Q&AZ: Does Snow On The Four Peaks End Up In Our Drinking Water Supply?
Will the snow we’ve seen on Four Peaks this winter eventually end up in our drinking water? A listener asked about it through KJZZ's Q&AZ project.
When the Four Peaks east of Phoenix turn white in the winter, it’s not only pretty to look at, it’s also a good sign for our water reserves.
Spokesperson Jeff Lane says the mountains are right in the middle of SRP’s watershed.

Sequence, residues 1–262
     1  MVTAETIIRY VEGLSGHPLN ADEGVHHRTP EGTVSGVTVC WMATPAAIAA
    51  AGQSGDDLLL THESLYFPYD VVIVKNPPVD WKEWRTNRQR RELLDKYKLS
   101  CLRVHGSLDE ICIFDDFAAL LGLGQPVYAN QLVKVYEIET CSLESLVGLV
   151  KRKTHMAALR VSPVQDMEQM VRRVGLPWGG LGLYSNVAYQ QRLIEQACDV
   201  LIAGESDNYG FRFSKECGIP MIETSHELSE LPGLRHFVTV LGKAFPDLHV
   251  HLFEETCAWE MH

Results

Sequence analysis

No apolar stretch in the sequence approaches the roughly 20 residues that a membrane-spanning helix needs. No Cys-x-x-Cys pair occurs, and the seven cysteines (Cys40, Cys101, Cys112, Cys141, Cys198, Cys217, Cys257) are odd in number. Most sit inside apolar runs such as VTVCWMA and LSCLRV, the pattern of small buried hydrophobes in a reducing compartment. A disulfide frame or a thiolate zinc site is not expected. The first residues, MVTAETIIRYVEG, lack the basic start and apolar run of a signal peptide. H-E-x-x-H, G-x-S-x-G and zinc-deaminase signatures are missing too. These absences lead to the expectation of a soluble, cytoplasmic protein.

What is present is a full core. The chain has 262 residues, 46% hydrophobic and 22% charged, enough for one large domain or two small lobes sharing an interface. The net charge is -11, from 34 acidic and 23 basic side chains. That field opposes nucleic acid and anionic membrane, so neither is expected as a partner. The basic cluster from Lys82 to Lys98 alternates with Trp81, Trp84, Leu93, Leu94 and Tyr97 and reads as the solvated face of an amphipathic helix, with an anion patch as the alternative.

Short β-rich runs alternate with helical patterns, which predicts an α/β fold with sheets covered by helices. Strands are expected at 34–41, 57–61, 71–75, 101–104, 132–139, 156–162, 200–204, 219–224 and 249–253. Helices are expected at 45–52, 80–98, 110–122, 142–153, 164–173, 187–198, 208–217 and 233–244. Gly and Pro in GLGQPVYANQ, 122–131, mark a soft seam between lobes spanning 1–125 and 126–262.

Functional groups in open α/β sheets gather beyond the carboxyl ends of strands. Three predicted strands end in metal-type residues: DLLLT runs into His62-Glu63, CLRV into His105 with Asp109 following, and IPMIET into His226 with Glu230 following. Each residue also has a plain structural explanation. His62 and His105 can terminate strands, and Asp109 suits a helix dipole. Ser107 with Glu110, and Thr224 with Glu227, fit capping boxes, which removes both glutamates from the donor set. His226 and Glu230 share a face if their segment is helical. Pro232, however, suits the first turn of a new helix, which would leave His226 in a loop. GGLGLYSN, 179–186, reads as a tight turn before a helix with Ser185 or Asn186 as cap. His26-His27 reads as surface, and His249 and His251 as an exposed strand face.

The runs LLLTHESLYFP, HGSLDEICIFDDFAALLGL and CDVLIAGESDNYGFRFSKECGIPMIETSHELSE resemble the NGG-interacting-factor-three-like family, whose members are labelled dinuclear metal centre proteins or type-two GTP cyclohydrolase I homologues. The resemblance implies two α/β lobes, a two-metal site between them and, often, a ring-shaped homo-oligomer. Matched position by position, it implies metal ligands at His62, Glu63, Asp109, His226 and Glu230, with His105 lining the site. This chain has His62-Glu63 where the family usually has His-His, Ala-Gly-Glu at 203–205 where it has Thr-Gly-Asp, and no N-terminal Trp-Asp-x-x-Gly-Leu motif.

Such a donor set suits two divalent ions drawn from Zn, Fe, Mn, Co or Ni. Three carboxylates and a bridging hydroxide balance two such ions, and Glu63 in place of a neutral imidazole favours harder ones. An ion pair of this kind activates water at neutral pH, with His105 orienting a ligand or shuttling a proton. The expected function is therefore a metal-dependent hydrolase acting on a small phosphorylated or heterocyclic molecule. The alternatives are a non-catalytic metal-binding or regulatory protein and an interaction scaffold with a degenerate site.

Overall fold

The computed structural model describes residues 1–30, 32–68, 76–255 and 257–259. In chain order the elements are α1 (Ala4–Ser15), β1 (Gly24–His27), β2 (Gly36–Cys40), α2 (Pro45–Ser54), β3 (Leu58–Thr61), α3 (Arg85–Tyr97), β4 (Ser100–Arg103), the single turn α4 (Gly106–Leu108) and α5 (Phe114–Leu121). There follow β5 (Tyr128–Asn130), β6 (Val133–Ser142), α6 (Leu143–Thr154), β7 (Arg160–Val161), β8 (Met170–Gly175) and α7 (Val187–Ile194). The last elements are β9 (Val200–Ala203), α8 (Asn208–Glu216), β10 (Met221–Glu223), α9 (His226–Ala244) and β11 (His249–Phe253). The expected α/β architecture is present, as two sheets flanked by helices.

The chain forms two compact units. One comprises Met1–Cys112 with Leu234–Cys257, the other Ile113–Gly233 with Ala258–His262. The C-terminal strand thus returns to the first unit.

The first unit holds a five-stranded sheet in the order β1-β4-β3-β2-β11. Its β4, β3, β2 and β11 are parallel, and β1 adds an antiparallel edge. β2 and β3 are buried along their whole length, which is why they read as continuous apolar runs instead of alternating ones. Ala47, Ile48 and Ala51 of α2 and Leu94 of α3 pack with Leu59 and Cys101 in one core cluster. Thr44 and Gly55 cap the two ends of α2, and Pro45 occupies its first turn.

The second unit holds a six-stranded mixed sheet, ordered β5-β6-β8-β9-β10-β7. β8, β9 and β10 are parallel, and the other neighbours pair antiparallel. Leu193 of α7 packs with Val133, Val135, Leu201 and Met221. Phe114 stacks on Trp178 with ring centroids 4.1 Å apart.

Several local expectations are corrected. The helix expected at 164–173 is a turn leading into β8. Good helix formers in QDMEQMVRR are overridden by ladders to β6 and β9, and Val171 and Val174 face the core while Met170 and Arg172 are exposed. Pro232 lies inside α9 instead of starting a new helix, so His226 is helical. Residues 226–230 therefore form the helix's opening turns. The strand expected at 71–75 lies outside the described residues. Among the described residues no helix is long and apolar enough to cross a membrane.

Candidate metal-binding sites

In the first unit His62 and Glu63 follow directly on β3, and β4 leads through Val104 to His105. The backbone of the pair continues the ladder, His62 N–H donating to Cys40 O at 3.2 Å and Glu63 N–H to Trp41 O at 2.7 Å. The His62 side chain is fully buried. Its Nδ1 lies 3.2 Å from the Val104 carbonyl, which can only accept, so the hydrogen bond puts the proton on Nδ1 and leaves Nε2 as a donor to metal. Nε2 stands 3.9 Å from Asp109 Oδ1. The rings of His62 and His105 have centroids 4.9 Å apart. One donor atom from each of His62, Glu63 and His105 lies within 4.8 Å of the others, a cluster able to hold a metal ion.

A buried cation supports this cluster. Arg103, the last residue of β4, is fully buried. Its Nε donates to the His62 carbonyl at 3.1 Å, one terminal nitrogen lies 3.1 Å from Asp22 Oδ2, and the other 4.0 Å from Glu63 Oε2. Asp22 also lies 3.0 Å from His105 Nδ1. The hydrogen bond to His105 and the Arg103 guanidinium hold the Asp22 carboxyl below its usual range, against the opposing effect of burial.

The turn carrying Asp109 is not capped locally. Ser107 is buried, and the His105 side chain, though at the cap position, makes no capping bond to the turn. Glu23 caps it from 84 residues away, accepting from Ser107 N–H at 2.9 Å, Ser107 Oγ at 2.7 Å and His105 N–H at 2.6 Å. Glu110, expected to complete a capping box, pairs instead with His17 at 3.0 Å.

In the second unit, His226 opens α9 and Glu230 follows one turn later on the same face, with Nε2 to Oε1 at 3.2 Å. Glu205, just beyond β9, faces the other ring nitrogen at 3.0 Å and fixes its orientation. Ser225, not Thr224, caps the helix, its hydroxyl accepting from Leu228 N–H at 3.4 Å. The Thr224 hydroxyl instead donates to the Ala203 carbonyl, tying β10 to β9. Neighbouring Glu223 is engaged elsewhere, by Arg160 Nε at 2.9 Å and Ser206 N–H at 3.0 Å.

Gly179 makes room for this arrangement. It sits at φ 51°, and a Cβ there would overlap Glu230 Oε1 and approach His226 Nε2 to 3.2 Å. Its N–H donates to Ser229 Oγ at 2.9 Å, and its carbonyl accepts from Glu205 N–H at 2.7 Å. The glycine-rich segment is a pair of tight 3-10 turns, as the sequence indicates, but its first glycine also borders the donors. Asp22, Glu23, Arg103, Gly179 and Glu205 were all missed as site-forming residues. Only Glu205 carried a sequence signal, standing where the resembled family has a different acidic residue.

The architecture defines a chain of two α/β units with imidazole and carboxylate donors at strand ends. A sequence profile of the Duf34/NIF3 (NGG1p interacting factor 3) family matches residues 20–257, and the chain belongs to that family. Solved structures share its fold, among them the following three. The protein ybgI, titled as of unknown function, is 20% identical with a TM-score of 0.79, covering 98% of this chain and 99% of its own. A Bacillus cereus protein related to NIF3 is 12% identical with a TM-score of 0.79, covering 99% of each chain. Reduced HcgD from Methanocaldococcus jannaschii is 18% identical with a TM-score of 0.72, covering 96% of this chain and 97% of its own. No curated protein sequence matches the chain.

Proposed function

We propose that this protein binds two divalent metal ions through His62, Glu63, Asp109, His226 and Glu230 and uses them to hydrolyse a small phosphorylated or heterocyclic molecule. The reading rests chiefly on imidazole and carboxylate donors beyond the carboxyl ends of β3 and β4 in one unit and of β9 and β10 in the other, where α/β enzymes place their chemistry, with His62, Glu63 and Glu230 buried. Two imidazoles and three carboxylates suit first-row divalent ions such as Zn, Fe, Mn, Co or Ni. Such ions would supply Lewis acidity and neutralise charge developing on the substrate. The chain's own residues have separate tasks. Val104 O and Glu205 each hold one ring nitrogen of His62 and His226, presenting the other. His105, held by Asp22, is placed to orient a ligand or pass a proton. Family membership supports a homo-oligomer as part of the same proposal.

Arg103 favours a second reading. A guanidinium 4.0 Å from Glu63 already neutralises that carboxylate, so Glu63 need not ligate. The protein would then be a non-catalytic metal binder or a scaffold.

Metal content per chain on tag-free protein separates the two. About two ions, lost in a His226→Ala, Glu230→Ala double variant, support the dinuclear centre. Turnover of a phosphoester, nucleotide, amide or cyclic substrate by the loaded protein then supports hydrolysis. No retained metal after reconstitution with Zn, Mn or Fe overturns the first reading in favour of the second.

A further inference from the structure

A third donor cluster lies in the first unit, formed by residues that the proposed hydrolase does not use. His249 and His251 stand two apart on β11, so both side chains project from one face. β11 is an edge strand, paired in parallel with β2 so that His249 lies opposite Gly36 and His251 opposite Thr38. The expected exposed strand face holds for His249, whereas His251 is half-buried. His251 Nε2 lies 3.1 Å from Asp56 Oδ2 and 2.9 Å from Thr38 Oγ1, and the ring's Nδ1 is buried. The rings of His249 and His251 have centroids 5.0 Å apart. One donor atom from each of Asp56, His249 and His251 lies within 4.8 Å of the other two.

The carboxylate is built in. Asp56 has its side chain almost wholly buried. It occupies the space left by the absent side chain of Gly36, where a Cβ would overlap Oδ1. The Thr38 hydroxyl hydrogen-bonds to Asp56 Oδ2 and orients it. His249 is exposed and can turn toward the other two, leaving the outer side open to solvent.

“When that snow melts it will come down into the reservoirs on the Salt River, which is part of our system that stores water for the Valley," Lane said.
He says the entire watershed covers more than 13,000 square miles, stretching from Flagstaff to the White Mountains.
There are seven lakes that serve as storage reservoirs that fill up with runoff water.
Lane says the whole system is currently at a very healthy 74% capacity, up from 47% one year ago.